Faculty Profile: Jane Metrik, Ph.D.

Jane Metrik
Jane Metrik, Ph.D.
Assistant Professor of Behavioral and Social Sciences (Research)
Center for Alcohol and Addiction Studies
Work: +1 401-863-6650
Ongoing NIDA-funded human laboratory studies examine the pharmacological and psychological bases of acute effects of marijuana on human behavior and decision-making process in marijuana smokers.
Ongoing NIDA-funded comprehensive prospective investigation of the trajectories of marijuana use, related problems, cannabis use disorders and concomitant affective disorders among US veterans.

Research Description

We are conducting the first comprehensive prospective investigation of the trajectories of marijuana use, related problems, cannabis use disorders and concomitant affective disorders among Operation Enduring Freedom (OEF), Operation Iraqi Freedom (OIF), and Operation New Dawn (OND) veterans post-deployment. This research will help identify individuals who are particularly vulnerable to developing comorbid substance use and affective disorders and will track changes in veterans' marijuana and other drug use over one year with the goal of ultimately improving detection and treatment of substance use disorders. Concurrent research projects in my marijuana-administration laboratory are focused on marijuana's expectancy effects and the drug's pharmacological and cue-elicited effects on a number of behavioral domains including risk taking and impulsive decision-making; on affect and arousal; on craving, incentive salience, subjective and physiologic stimulation, and on reward sensitivity. We also examine individual differences characterizing marijuana users most sensitive to its effects and most vulnerable to the development of cannabis use disorders. These include genetic factors, cognitive mechanisms such as marijuana expectancies and use motives, and traits such as anxiety sensitivity, distress tolerance, and impulsive disinhibition.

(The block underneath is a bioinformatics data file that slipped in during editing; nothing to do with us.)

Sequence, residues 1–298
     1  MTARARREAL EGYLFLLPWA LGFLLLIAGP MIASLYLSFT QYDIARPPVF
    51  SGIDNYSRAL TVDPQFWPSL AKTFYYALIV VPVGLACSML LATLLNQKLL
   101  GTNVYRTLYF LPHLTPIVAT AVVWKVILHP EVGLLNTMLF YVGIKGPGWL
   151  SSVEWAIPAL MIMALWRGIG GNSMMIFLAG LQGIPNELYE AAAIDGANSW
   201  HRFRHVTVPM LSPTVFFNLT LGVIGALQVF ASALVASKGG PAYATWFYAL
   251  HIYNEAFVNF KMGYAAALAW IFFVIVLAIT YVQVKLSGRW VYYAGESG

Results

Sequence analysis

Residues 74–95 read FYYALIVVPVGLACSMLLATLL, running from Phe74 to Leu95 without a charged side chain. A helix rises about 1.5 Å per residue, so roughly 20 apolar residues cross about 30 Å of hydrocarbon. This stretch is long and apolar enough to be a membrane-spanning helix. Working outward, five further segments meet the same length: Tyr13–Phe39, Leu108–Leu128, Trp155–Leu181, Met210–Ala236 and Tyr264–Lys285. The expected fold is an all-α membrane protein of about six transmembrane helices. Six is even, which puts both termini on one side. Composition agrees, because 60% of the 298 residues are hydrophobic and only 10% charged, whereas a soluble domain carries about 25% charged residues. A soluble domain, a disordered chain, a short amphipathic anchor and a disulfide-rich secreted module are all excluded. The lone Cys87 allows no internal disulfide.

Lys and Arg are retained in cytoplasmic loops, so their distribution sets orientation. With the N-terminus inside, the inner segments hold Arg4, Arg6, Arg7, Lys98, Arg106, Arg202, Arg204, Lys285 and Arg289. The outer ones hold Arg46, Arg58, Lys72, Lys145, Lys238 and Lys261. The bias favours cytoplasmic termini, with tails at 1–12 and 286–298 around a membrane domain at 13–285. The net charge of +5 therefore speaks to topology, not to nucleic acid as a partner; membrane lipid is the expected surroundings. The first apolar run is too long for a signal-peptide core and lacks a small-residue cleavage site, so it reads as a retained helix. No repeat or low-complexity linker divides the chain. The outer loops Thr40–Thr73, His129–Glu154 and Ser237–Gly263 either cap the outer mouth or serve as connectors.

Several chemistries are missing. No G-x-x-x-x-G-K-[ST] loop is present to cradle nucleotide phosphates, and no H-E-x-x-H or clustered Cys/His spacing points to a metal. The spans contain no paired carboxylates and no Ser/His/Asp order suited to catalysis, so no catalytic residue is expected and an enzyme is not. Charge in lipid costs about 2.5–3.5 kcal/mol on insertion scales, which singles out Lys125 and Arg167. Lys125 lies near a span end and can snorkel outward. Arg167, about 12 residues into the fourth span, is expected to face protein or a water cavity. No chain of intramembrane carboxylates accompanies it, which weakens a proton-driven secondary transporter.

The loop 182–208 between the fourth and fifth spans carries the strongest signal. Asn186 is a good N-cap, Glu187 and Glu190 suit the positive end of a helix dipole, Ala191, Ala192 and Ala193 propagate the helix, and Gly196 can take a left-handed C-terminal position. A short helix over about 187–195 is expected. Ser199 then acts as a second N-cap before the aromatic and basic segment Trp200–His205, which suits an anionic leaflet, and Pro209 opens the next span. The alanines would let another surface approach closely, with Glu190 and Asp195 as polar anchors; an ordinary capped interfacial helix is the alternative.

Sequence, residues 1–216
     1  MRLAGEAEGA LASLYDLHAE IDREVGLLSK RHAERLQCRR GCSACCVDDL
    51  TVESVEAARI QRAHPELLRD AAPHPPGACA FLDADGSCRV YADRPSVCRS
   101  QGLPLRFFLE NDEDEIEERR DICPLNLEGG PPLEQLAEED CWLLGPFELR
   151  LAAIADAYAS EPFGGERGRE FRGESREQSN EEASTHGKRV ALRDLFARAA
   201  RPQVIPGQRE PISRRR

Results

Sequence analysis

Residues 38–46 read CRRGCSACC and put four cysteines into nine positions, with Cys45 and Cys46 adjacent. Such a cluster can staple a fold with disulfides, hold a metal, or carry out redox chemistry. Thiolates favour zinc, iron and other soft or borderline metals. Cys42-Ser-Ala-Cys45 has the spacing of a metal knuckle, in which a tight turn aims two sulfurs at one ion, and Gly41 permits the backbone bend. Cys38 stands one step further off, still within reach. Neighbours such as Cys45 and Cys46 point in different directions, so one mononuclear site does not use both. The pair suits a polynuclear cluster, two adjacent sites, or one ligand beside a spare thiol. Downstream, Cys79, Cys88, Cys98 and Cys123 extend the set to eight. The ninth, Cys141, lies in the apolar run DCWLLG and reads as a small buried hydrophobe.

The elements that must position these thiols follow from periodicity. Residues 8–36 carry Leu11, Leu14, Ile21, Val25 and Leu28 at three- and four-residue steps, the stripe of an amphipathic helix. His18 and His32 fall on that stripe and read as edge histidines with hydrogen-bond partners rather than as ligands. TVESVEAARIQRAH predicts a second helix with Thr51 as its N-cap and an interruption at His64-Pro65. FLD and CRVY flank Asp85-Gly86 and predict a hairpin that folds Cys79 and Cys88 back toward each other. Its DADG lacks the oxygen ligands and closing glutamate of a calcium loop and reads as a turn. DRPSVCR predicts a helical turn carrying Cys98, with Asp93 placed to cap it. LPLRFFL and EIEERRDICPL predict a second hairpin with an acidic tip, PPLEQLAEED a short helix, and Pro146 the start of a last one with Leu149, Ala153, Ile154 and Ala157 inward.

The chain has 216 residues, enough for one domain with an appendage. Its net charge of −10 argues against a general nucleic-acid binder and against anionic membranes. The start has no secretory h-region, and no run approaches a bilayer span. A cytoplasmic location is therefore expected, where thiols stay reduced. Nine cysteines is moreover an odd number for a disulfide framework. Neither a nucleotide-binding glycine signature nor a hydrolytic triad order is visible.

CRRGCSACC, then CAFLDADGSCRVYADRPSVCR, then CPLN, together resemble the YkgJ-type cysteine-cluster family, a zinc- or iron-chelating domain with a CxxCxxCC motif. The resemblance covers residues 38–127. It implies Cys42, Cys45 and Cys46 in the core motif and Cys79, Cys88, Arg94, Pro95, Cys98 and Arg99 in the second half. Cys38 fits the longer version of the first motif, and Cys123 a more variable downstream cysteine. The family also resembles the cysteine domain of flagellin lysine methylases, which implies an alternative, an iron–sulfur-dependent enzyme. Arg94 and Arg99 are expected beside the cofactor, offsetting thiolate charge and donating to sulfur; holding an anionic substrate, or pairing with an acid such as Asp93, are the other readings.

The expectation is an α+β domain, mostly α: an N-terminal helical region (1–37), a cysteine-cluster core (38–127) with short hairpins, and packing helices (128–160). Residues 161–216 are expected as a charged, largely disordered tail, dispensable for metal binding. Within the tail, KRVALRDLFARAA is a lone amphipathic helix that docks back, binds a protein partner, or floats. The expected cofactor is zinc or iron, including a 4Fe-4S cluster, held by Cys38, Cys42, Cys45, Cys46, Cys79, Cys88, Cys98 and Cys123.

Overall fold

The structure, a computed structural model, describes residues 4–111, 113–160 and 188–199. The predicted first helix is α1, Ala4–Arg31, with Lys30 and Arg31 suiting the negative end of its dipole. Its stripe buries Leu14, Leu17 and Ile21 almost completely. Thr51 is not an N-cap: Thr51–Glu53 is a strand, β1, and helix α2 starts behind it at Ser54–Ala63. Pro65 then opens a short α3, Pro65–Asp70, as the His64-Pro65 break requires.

The long-term objective of this program of research is to examine how knowledge gained from cannabis-administration laboratory studies and longitudinal assessment studies can help develop innovative clinical intervention strategies for marijuana smokers.

This program of research is funded by the National Institute on Drug Abuse.